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Q&A: How to stop south Sudan becoming a failed state?

Source: Thomson Reuters Foundation - Wed, 9 Feb 2011 13:37 GMT
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NAIROBI (AlertNet) – South Sudan faces immense challenges as it prepares to become the world's newest nation on July 9, following a referendum in which voters opted almost unanimously for independence. Cynics fear the state will be plunged into renewed warfare and corruption will spiral out of control, condemning its people to further suffering and poverty.

AlertNet's Katy Migiro asked Clare Lockhart, co-author of the book Fixing Failed States: A Framework for Rebuilding a Fractured World, what south Sudan should do to avoid this fate.

Lockhart is the co-founder and chief executive officer of the Institute for State Effectiveness (ISE), described by Foreign Policy as "the world's most influential state-building think tank". The journal listed her as one of its Top 100 Global Thinkers.

The ISE works on a range of programmes to build states, markets and civil society in crisis-scarred countries ranging from Afghanistan and Nepal to Guinea Bissau and Haiti.

Q: South Sudan will become independent in a few months. What should its priorities be?

South Sudan faces enormous problems of poverty, conflict, corruption and constraints in capacity. An important first step is for the southern leadership to understand the dimensions of these challenges and address the most urgent ones to maintain stability in the short term.

It is critical that the government addresses only a handful of key decisions every few months, and matches these with a real focus on implementation of a limited number of programmes that can reach people in the villages with tangible benefits.

All too often countries set up thousands of individual projects which cannot be completed. Focusing on a few, top-priority initiatives can build a sense of momentum and provide the basis of a partnership, with international funding and expertise where necessary.

Q: Is dependence on outsiders inevitable during the first few years?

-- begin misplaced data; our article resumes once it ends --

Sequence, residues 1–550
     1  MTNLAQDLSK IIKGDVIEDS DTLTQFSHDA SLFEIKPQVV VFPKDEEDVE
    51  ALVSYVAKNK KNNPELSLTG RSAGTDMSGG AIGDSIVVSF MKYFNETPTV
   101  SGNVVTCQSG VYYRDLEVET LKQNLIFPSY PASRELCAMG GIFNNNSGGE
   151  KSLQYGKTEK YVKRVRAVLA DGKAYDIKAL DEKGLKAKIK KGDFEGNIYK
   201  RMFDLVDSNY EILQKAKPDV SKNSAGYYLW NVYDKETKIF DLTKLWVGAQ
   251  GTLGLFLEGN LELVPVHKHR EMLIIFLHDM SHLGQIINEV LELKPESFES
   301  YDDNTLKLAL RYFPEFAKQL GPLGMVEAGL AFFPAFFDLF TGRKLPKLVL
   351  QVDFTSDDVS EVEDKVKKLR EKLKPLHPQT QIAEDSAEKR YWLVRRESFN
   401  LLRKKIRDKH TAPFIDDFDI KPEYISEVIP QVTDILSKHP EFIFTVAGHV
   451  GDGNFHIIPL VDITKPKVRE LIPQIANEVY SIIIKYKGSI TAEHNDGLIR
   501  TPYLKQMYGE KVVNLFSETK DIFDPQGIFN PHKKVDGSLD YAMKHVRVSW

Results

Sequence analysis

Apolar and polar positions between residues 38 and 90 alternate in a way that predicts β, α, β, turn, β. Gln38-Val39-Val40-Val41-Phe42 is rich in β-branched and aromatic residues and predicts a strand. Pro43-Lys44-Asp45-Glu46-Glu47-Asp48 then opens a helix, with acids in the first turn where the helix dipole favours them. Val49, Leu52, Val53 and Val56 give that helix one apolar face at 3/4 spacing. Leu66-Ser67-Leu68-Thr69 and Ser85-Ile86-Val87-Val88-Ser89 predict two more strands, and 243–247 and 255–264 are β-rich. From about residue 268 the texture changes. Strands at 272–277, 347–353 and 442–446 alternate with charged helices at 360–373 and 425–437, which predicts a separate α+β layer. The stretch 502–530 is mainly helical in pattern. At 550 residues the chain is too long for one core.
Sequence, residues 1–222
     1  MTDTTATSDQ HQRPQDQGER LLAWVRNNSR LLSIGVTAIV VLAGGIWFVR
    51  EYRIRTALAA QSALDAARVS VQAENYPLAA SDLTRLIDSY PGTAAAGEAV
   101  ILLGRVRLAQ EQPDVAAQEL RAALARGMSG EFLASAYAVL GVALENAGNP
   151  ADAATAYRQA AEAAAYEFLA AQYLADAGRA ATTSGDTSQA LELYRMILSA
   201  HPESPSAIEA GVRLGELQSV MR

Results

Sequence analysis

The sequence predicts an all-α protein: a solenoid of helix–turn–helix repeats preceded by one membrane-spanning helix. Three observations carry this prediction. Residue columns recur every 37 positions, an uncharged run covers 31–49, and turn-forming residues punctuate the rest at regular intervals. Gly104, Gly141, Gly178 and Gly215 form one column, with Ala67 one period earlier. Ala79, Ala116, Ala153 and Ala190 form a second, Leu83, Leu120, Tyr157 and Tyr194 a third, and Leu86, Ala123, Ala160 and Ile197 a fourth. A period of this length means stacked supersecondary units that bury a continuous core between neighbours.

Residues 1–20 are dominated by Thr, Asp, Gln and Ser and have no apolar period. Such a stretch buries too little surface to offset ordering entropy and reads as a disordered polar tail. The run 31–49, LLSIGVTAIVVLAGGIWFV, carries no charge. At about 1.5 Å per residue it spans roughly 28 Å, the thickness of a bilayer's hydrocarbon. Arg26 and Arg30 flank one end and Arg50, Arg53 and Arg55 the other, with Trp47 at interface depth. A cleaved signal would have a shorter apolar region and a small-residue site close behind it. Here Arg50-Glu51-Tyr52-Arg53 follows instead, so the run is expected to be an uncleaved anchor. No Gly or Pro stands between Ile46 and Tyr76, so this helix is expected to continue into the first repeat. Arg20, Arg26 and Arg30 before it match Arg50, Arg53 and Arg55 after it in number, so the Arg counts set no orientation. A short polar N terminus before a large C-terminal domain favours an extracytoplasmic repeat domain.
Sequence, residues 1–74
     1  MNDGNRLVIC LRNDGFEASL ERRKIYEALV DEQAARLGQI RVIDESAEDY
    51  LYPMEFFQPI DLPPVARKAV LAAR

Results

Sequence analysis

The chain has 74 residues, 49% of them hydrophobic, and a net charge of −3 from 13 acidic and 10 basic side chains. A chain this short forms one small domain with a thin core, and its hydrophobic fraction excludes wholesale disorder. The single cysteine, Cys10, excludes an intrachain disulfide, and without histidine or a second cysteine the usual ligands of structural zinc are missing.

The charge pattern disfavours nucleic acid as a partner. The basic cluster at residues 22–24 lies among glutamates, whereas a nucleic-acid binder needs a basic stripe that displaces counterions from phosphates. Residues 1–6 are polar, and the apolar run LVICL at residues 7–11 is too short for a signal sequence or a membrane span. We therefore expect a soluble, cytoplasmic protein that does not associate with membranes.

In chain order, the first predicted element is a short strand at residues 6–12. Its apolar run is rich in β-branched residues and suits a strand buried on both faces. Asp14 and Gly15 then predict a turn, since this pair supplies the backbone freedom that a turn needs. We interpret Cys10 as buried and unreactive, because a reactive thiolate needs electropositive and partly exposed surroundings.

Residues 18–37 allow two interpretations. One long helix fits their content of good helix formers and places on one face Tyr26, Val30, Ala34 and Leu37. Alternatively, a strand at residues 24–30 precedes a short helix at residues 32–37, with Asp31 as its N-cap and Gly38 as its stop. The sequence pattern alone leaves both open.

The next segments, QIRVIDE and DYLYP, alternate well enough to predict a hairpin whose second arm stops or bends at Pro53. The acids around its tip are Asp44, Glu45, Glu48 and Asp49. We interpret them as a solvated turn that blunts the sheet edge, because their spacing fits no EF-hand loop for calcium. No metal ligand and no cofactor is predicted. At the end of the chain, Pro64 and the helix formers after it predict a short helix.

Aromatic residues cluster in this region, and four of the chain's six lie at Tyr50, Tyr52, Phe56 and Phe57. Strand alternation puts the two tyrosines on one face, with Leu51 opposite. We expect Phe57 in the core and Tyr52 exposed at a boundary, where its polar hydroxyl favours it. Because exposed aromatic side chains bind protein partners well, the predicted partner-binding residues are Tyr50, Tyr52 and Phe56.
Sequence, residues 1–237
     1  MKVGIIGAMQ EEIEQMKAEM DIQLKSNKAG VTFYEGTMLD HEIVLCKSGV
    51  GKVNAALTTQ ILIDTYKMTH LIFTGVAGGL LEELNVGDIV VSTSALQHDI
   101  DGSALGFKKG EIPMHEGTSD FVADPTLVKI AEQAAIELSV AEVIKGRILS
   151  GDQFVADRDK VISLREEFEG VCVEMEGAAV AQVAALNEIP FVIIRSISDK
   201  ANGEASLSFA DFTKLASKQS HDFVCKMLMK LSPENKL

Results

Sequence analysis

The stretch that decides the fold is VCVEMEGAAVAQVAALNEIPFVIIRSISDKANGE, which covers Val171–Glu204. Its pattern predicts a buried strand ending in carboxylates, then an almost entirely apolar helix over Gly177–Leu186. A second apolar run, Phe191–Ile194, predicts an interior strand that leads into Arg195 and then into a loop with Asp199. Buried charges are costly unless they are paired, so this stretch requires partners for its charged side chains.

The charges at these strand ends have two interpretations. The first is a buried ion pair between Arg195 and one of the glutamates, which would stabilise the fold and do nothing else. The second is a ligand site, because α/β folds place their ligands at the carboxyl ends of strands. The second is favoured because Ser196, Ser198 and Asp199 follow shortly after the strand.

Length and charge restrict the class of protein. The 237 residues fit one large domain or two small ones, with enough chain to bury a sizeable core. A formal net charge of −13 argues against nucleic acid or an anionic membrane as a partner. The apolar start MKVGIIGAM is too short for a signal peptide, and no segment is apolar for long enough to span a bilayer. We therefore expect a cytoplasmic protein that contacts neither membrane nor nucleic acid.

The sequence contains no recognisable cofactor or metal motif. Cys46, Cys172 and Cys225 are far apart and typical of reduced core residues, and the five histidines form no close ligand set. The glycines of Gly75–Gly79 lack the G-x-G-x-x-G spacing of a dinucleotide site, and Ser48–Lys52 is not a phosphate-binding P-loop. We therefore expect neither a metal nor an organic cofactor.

Too often, foreign donors see what is not present in a society and look to bring services in from the outside. Sudan must emphasise an effort to mobilise its own strengths.

The ISE's experience indicates that sustainable development requires a movement away from dependency on aid and a greater focus on domestic revenues and expenditures, with market-based growth and job creation to generate stability and prosperity.

South Sudan has significant assets within its borders that can be used to support stability, from natural resource wealth to local governance structures. The youth of any country is often its greatest asset - and Sudan is no exception.

Instead of wasting billions of dollars on technical assistance contracts importing "advisers" from the outside, south Sudan could break the tradition of reliance on foreign expertise.

It could focus on investing in the secondary and vocational training of its own people so that they are equipped to become the doctors, nurses, teachers, engineers, agriculture and construction workers of the future. This is a much more cost-effective way of managing human capital in the medium to long run.

Q: But donors tend to focus on primary education as being the most important investment?

Domestic education plays a vital role in preparing the next generation of leaders. Sadly, donors and development agencies often prefer to focus on individual education projects, mainly at the primary and secondary levels, rather than viewing human capital development as a component towards long-term stability.

The successful transitions that we (at the ISE) have observed prioritised higher education and vocational training pegged to relevant skill sets and targeted, small amounts of technical assistance to specific remaining challenges.

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